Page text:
The Power of Positive Thinking

As predicted Saturday night was hugely memorable and momentus occasion. I don’t think any of our guests or neighbours will forget that firework display in a hurry. I am still chuckling to myself at the banter that there was as well as the moves we were all busting moves on the dancefloor under the glitter ball in my lounge! Seriously the keeping fit and doing half an hour of exercise was covered as I danced until 3am! Where did the time go… Well they say times flies when you are having fun. Boy, my legs are still aching. Much needed fun and so grateful to everyone for making such an effort (event he ones that really hate dressing in costumes!)

Sadly though I reckon due to the season of it, the silly stressy side of me and probably the drinking and late night has taken it’s toll as I now have another cold/ chest thing. Instantly worrying that it could be something more I have been putting all my thoughts and actions into getting rid of it quickly. I want to prove that my immunity is strong. I have been practising some EFT today and I really feel it is therapeutic.

I have also been toying with seeing a reiki healer since a friend told us of an amazing story where her aunt had been given a very limited life expectancy only after having healing she was cured. Either way miracle or not I’m keen to give it a try as it really calms phycially and spiritually. The only issue I have is that it is in Essex and the recommendation fo this particular healer suggests one session a day for three days then weekly thereafter. I have put it off but I can’t help think of it at the moment. Logistically it could be difficult but maybe I should tie it in with some Christmas shopping and visiting family..?

I’m totally looking forward to having veggies today.. I’m craving it. Rich in indole 3 carbinol which is essential in boosting the immunity and cleansing.

I am pretty gutted today too as I was going to be going to HD Brows HQ today to ‘shadow’ as a trainer. I really beat myself up about it yesterday but after contacting Nilam Patel she reassured me that I could attend any course as they run weekly and I only have to give her one day notice. I wonder if it’s meant to be as I really do feel like having time at home. I feel really settled and so much love.

I am affirming to myself that by tomorrow this ‘cold’ thing I have will be gone.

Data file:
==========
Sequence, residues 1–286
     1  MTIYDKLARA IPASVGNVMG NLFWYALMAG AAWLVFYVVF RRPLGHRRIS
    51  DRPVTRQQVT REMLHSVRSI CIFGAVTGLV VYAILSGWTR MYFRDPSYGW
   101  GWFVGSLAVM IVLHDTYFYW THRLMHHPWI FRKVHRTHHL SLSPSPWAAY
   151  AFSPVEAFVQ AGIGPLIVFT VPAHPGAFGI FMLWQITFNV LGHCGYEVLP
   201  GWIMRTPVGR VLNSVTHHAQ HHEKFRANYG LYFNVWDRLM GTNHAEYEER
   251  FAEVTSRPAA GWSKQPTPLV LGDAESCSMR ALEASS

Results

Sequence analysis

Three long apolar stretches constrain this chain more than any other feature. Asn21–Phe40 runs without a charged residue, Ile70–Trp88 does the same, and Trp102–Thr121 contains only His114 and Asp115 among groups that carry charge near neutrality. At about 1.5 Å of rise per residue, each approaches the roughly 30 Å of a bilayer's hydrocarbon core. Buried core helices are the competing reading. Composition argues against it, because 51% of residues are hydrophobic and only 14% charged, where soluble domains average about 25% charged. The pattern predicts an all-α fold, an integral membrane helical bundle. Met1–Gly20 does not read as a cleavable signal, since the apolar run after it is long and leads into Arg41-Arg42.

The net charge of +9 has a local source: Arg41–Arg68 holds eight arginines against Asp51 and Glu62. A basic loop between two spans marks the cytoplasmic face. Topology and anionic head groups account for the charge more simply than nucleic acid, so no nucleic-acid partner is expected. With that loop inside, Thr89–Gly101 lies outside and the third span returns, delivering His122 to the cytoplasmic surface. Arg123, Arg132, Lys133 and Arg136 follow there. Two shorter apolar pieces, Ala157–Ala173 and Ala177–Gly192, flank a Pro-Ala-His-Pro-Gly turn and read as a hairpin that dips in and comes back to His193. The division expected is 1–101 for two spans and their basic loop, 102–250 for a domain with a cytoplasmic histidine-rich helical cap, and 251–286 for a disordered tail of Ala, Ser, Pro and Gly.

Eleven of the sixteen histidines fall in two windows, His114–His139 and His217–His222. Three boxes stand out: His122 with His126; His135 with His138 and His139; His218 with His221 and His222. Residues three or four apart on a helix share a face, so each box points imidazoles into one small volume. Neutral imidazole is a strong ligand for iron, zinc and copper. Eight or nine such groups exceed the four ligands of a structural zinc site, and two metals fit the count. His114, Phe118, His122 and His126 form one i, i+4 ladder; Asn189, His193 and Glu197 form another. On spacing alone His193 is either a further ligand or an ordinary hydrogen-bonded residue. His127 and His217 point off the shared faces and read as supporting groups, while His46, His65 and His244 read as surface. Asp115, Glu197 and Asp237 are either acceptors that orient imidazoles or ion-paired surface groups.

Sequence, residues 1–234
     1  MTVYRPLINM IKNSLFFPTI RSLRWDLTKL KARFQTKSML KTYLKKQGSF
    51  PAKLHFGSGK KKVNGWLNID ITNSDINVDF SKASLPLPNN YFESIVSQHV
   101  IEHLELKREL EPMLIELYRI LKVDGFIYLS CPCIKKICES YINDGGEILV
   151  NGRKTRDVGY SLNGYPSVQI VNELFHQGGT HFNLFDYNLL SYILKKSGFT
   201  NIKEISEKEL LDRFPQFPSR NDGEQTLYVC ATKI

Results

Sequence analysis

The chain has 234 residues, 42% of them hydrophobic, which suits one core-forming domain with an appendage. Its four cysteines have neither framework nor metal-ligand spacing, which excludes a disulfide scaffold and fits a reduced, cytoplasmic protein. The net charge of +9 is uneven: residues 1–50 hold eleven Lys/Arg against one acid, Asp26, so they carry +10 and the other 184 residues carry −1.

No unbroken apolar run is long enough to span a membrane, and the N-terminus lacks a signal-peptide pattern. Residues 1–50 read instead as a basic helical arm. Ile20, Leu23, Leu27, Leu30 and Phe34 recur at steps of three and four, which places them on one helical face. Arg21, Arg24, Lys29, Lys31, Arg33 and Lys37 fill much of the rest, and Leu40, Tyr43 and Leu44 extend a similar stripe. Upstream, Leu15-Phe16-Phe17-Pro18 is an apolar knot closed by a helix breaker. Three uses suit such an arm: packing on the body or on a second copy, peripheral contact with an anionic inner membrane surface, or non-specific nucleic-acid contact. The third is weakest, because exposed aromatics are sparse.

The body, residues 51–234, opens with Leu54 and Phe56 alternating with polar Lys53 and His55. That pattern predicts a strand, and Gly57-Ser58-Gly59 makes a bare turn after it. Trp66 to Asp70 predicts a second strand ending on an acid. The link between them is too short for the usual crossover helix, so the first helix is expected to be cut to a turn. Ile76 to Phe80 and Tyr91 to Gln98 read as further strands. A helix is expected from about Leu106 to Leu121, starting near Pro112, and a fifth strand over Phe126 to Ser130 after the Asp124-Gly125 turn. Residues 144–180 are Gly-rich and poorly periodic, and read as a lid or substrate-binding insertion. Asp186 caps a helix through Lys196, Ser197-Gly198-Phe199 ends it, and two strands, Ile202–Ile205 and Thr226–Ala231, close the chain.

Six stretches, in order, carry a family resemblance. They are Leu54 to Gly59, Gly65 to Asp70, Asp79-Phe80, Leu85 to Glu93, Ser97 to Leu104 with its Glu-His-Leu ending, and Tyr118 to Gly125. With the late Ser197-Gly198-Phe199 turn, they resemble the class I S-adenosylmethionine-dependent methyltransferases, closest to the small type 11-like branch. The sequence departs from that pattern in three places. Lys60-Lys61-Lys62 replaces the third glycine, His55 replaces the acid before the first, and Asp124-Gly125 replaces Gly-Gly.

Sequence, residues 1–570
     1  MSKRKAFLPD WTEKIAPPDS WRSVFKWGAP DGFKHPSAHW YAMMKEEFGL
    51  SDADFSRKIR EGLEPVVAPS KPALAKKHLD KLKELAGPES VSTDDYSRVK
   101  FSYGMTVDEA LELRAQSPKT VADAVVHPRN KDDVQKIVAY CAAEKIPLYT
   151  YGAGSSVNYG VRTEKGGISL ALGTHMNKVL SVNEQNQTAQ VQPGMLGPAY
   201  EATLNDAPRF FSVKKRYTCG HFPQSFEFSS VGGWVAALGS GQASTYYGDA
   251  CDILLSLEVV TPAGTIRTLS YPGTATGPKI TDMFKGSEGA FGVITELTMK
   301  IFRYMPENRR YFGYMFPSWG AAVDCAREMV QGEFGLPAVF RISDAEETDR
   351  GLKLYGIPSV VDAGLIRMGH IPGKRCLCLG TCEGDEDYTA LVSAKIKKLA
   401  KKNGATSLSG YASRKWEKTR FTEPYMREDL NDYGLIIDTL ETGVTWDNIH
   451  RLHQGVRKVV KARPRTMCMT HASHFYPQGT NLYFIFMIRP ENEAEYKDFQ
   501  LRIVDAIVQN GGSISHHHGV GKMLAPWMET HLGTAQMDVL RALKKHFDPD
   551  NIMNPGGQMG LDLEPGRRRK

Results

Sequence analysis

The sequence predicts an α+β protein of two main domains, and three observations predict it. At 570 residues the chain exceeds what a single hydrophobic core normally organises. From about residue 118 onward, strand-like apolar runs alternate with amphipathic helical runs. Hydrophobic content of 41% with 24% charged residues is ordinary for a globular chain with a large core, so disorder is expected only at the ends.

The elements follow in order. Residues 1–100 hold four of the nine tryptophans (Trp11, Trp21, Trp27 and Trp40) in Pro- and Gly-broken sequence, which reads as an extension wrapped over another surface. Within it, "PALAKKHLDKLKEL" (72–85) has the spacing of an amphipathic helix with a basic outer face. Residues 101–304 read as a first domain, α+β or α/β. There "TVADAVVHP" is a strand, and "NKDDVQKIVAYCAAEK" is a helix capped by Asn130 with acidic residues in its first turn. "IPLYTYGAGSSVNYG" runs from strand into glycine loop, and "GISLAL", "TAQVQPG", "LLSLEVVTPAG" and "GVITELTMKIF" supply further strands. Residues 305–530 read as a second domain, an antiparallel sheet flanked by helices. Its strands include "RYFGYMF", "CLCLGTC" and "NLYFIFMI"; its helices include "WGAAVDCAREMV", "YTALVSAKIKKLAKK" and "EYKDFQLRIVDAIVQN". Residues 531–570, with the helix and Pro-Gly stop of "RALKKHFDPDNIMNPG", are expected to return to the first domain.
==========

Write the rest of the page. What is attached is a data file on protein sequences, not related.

In the last couple of days I have been on some forums trying to see what new information I can find and hopefully give my assistance to anyone that may need it. I found this and it really gave me a boost.

10 point plan – Power of Positive Thinking (Just stick with the truth NHS- it’s brilliant)

 

“Increasingly, expert attitudes have changed concerning the curability of metastatic disease and fewer clinical leaders accept the naïve view that patients with metastatic disease invariably die from it, but rather recognize the divergence of this unnuanced view from clinical reality and join the growing numbers of clinicians – who believe in curing metastatic disease.

 

We now know, from long-term follow-up studies and along with other accumulated data that:

 

• many patients will die with their disease, but not from their disease;

• some will not even die with their disease (see below);

• still others are currently long-term survivors whose ultimate fate is unknown, but therefore not assured to be from breast cancer mortality;

• still others who are predominantly stable, or at least what I call controlled-progressive – with some degree of progression (sometimes with other tumors in remediation) that can be significantly regressed upon each progression – are, on the odds, highly likely to benefit from what I call the time value of survival: namely, that outcome odds can be improved with each year of additional survival by virtue of the advance of research and clinical developments.

 

Gabriel Hortobagyi , one of the principal collectors of the long-term survival repository, has stated as long ago as 2001 (thats right 10 years ago): “I believe that you can cure patients with metastatic breast cancer” and, based on that data, that for metastatic disease patients “we can achieve a complete remission”. He expands on this widely misunderstood phenomenon: “My group has published about patients who have achieved a complete remission with chemotherapy and are in a progression-free complete remission 20 years later — biopsy proven” and that “for instance, I [Dr. Hortobagyi] have a patient who had a lung metastasis resected in 1968, and she never received any additional therapy. She never had a second metastasis — metastatic breast cancer by definition, pathology proven, and she’s alive and well — 32 years of disease-free survival.”

 

This is only with chemo, not the whole 10 point plan.

 

Incrediably this is not news to clinicians and researchers who deal extensively with advanced disease. Given this Clinicians should at every chance they get, give increasingly positive feedback and when they speak of advanced disease, in order to avoid the often simplistic, generally unproductive and increasingly counterfactual connotations of somehow “incurable” rather than advanced disease, and consider treating patients with advanced disease with curative intent, not as merely palliative.

 

As one linguist said, language can lift us, and how we speak can drive how we perceive, and also therefore how we act, so let’s not let language bully us.

 

And finally we need to remember that the outliers – the group of long-term survivors – of today, will be the norm of tomorrow.”

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